Novartis does not file or enforce patents in least developed countries (LDCs), low-income countries (LICs), or in over 80% of the lower-middle income countries (LMICs). In the small number of remaining LMICs where we do file patents, we aim to restrict patent filings to those patent applications covering new molecules or new chemical entities. In addition, we are committed to granting non-exclusive licenses to qualified third parties for supply of our patented products exclusively to LDCs or to LICs.
The United Nations designates LDCs as highly disadvantaged in their development process, for structural, historical and geographical reasons. LDCs are also characterized by their vulnerability to external economic shocks, natural and man-made disasters and communicable diseases. LICs are defined by the World Bank based on an assessment of gross national income per capita, which is influenced by factors such as income growth, inflation, exchange rates, and population change. LMICs are defined by the World Bank using the same criteria, and many (particularly the lower-income countries in the group) suffer from similar socioeconomic disadvantages to LICs and LDCs.
In 2018, the World Intellectual Property Organization (WIPO) and the International Federation of Pharmaceutical Manufacturers & Associations launched the Patent Information Initiative for Medicines (Pat-INFORMED). Pat-INFORMED, of which we are a founding member, is a unique public online resource launched to provide basic patent information for medicines of participating companies. Novartis has listed patent information for all of our small-molecule medicines in the Pat-INFORMED database, which goes significantly beyond the program’s near-term goal of capturing information for medicines in a more limited set of disease areas. In addition, we continue to drive the industry effort to include patent information for biologic medicines.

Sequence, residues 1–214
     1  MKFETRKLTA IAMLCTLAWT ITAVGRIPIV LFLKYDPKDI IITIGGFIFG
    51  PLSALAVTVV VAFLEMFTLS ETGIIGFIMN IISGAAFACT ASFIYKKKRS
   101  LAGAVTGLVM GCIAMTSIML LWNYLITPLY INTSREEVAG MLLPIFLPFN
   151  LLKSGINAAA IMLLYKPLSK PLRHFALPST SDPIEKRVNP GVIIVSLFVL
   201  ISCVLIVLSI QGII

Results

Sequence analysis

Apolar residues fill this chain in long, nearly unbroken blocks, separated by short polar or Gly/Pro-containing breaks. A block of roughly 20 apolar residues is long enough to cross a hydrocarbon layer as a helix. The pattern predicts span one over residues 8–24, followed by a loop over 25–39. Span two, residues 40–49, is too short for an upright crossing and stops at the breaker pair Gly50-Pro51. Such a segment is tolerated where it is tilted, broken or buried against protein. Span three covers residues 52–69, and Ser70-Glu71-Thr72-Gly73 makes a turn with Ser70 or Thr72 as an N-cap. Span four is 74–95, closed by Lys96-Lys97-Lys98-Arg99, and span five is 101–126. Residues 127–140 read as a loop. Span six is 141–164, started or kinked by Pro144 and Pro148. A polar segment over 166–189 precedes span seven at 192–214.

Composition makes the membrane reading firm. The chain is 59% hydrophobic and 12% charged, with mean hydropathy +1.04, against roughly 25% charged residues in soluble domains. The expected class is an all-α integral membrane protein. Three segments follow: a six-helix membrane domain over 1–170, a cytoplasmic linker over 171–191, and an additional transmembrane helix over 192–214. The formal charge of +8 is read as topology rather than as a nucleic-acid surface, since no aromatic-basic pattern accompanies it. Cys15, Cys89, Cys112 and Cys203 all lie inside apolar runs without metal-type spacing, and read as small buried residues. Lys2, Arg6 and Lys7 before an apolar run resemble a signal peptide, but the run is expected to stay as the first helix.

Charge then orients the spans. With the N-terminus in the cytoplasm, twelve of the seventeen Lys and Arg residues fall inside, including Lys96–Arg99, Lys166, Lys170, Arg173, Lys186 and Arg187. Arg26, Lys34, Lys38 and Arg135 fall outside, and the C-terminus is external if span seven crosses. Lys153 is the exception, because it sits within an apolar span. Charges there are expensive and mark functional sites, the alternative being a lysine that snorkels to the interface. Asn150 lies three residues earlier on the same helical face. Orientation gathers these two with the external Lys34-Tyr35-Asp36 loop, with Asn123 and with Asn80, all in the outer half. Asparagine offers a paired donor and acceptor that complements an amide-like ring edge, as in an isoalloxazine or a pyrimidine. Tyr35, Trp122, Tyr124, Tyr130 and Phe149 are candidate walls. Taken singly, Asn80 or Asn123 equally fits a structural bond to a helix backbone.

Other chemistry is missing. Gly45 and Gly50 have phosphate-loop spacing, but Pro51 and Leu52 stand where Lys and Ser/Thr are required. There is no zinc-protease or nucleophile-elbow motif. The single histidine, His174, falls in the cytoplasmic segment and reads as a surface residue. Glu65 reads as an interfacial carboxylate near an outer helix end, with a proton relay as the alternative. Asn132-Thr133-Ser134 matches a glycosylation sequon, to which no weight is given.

Novartis is also a founding member and signatory of the IP Principles for Advancing Cures and Therapies (IP PACT). Launched in April 2021, the IP PACT is a public statement of our patient-centric approach to IP that explains some of the ways that we and other signatory companies use, and commit to use, the IP system for the benefit of patients and society. Consistent with our longstanding company approach to IP, the 10 principles cover key themes, including
how we file and enforce IP with a patient focus;
how we use IP to advance innovation, collaboration, scientific progress, and public health;
the importance of generics and biosimilars; and
how we approach IP differently in the world’s poorest countries.
Further, we continue our pro bono efforts in the intellectual property space through the Inventor Assistance program, a WIPO initiative in collaboration with the World Economic Forum. The program, of which we are a founding member, aims to match developing country inventors and small businesses with limited financial means with patent attorneys, who provide pro bono legal assistance. In 2020, we supported the launch of the program in Peru, and aim to help expand it to additional developing countries.